Mental Wellness

One of the most important things to remember is that your feelings and experiences are normal and valid. Just as cancer affects your physical health, it can bring up a wide range of feelings you’re not used to dealing with. It can also make existing feelings seem more intense. They may change daily, hourly, or even minute to minute. This is true whether you’re currently in treatment, done with treatment, or a friend or family member. These feelings are all normal.


When you first learn that you have cancer, you may feel as if your life is out of control. This could be because:

  • You wonder if you’re going to live.
  • Your normal routine is disrupted by doctor visits and treatments.
  • People use medical terms that you don’t understand.
  • You feel like you can’t do the things you enjoy.
  • You feel helpless and lonely.

Even if you feel out of control, there are ways you can take charge. Try to learn as much as you can about your cancer. Ask your doctor questions and don’t be afraid to say when you don’t understand. Also, many people feel better if they stay busy. You can take part in activities such as music, crafts, reading, or learning something new.


When you were first diagnosed, you may have had trouble believing or accepting the fact that you have cancer. This is called denial. It can be helpful because it can give you time to adjust to your diagnosis. It can also give you time to feel hopeful and better about the future.

Sometimes, denial is a serious problem. If it lasts too long, it can keep you from getting the treatment you need.

The good news is that most people work through denial. Usually by the time treatment begins, most people accept the fact that they have cancer and move forward. This is true for those with cancer as well as the people they love and care about.


People with cancer often feel angry. It’s normal to ask, “Why me?” and be angry at the cancer. You may also feel anger or resentment towards your health care providers, your healthy friends and your loved ones. And if you’re religious, you may even feel angry with God.

Anger often comes from feelings that are hard to show, such as fear, panic, frustration, anxiety, or helplessness. If you feel angry, you don’t have to pretend that everything is okay. Anger can be helpful in that it may motivate you to take action. Talk with your family and friends about your anger. Or, ask your doctor to refer you to a counselor.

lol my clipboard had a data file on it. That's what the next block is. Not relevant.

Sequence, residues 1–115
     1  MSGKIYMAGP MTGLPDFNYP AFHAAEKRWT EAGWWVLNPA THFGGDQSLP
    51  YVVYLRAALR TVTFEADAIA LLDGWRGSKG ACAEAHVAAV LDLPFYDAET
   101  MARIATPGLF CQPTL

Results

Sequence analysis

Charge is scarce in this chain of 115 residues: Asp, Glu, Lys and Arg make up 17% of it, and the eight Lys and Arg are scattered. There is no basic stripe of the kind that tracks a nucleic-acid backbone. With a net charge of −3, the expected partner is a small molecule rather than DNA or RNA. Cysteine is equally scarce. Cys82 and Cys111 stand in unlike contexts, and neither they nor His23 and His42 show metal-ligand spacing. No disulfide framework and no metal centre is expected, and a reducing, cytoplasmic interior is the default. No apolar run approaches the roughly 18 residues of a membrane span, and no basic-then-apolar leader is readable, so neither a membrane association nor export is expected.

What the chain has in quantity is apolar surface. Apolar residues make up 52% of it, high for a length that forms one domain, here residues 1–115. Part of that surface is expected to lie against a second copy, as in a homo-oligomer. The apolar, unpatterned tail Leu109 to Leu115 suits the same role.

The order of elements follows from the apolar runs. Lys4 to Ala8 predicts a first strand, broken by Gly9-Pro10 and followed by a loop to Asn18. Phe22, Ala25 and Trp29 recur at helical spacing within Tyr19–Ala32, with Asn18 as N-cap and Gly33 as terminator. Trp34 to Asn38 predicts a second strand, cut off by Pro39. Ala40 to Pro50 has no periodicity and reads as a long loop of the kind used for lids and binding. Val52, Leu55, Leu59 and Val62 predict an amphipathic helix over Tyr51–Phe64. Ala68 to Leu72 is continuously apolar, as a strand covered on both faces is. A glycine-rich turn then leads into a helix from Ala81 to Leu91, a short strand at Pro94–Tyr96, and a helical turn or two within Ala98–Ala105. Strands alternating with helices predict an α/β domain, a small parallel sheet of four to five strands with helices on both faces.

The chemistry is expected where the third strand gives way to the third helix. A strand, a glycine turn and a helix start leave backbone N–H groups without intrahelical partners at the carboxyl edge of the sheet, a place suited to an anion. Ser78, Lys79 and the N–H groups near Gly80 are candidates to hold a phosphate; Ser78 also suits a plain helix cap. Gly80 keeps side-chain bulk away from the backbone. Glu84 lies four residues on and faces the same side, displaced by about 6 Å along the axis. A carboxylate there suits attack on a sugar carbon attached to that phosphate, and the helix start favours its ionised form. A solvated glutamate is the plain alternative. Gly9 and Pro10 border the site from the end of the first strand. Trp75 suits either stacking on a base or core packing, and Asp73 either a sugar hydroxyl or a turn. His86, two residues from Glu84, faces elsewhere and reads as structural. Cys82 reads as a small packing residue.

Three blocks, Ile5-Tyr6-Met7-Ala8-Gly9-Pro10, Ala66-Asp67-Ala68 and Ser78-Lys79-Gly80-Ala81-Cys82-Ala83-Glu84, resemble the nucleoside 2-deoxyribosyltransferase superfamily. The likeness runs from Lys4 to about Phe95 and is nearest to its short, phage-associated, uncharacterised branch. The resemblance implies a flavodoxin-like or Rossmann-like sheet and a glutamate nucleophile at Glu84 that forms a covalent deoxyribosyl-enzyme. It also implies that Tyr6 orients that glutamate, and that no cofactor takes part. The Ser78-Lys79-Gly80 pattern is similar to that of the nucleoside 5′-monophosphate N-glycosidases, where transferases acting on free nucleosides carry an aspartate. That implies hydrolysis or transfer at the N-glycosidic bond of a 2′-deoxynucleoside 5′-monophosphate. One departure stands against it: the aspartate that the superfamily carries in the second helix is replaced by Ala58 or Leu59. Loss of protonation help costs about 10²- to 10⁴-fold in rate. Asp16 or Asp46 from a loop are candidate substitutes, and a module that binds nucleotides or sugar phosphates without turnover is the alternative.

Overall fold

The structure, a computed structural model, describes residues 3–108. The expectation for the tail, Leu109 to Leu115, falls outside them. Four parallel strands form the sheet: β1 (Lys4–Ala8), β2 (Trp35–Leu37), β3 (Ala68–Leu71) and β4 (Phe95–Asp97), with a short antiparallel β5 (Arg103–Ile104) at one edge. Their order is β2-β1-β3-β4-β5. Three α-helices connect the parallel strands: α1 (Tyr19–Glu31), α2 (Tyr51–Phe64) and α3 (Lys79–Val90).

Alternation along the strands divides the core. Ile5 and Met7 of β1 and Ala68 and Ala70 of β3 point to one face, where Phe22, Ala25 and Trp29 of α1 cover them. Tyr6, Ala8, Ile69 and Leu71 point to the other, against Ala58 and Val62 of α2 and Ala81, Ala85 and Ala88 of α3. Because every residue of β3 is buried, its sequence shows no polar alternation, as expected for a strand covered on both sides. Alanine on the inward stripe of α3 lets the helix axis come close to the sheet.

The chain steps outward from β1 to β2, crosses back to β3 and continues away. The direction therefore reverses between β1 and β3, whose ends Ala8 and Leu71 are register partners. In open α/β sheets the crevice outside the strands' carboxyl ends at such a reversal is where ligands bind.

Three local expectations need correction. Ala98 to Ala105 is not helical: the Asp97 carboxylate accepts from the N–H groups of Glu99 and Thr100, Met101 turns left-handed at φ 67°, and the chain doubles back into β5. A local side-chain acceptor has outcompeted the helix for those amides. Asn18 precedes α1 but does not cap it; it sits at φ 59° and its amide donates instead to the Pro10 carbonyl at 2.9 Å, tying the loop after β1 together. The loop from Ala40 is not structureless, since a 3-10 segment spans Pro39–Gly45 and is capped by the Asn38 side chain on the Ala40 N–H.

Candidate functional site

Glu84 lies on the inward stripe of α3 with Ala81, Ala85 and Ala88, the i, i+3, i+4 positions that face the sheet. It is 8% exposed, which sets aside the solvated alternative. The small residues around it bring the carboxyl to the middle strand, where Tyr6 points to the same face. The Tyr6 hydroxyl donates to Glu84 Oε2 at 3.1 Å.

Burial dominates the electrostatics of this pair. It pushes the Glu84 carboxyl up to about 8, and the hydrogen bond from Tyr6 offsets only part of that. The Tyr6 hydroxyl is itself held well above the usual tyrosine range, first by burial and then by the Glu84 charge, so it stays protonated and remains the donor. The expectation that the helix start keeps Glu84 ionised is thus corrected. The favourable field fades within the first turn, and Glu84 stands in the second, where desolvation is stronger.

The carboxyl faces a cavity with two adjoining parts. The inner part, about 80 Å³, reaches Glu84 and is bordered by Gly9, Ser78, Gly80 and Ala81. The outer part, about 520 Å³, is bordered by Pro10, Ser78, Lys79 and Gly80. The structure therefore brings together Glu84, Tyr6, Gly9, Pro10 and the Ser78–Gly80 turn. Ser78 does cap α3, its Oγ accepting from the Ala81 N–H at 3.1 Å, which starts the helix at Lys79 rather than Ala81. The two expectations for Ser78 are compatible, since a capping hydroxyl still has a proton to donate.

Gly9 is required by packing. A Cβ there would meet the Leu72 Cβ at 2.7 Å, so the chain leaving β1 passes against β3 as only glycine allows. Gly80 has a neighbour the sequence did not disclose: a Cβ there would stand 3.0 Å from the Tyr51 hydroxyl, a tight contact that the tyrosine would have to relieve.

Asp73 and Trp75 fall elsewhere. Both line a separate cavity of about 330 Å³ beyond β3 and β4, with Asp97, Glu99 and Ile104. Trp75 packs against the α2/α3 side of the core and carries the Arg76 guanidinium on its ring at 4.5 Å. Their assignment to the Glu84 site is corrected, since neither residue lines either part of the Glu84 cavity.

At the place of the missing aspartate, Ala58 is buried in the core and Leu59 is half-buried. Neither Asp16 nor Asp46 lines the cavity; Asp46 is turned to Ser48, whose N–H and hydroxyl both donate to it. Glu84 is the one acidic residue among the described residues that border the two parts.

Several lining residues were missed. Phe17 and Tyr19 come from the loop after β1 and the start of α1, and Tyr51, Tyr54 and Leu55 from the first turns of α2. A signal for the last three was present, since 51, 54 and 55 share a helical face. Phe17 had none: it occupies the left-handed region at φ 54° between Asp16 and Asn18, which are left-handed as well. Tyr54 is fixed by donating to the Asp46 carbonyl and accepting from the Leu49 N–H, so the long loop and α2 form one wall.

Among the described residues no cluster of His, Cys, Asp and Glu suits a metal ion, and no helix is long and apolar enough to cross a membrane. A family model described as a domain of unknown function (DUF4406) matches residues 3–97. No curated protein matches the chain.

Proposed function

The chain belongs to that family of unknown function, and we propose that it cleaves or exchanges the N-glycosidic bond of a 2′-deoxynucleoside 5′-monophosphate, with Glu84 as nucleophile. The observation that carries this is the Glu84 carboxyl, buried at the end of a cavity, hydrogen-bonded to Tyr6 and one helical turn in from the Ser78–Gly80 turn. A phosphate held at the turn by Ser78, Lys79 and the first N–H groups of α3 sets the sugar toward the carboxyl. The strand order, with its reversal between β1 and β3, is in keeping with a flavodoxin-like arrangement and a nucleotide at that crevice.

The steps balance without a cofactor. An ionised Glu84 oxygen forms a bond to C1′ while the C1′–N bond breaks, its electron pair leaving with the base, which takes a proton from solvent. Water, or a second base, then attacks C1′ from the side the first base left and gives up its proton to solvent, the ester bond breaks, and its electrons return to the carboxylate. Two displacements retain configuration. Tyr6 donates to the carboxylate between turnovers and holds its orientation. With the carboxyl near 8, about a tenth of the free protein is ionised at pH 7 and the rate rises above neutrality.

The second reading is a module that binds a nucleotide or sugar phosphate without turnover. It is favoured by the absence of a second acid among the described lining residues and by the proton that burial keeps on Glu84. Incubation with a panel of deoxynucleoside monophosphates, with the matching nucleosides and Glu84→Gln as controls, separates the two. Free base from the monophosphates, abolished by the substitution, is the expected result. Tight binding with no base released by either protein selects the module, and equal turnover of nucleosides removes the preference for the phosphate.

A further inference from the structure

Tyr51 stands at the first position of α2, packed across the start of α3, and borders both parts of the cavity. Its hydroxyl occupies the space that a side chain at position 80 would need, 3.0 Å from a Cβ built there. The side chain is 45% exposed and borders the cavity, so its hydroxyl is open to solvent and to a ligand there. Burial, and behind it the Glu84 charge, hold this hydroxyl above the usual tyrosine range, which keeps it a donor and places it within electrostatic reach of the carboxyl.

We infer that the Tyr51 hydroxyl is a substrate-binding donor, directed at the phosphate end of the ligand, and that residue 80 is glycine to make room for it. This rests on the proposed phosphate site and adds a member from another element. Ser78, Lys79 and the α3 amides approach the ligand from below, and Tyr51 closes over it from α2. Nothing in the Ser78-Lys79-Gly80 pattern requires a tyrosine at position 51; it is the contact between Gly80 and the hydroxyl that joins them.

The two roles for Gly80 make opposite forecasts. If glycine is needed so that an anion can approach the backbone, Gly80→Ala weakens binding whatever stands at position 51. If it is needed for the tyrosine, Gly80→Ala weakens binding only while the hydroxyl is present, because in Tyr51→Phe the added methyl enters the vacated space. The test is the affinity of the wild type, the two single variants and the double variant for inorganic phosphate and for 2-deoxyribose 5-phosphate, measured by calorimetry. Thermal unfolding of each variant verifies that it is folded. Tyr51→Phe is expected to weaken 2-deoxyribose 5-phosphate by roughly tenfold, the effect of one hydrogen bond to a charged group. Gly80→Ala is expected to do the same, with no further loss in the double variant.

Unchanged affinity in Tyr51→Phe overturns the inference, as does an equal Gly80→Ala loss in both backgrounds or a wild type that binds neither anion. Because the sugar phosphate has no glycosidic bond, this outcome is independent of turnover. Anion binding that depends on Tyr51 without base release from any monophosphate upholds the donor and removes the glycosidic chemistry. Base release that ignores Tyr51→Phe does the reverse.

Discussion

Sadness and Depression

Many people with cancer feel sad. They feel a sense of loss of their health, and the life they had before they learned they had the disease. Even when you’re done with treatment, you may still feel sad. This is a normal response to any serious illness. It may take time to work through and accept all the changes that are taking place.

When you’re sad, you may have very little energy, feel tired, or not want to eat. For some, these feelings go away or lessen over time. But for others, these emotions can become stronger. The painful feelings don’t get any better, and they get in the way of daily life. This may be a medical condition called depression. For some, cancer treatment may have added to this problem by changing the way the brain works.

Getting Help for Depression

Depression can be treated. Below are common signs of depression. If you have any of the following signs for more than two weeks, talk to your doctor about treatment. Be aware that some of these symptoms could be due to physical problems, so it’s important to talk about them with your doctor.

Emotional signs include:

  • Feelings of sadness that don’t go away.
  • Feeling emotionally numb.
  • Feeling nervous or shaky.
  • Having a sense of guilt or feeling unworthy.
  • Feeling helpless or hopeless, as if life has no meaning.
  • Feeling short-tempered, moody.
  • Having a hard time concentrating, feeling scatterbrained.
  • Crying for long periods of time or many times each day.
  • Focusing on worries and problems.
  • No interest in the hobbies and activities you used to enjoy.
  • Finding it hard to enjoy everyday things, such as food or being with family and friends.
  • Thoughts about hurting or killing yourself.


Information taken from Colorectal Cancer Alliance.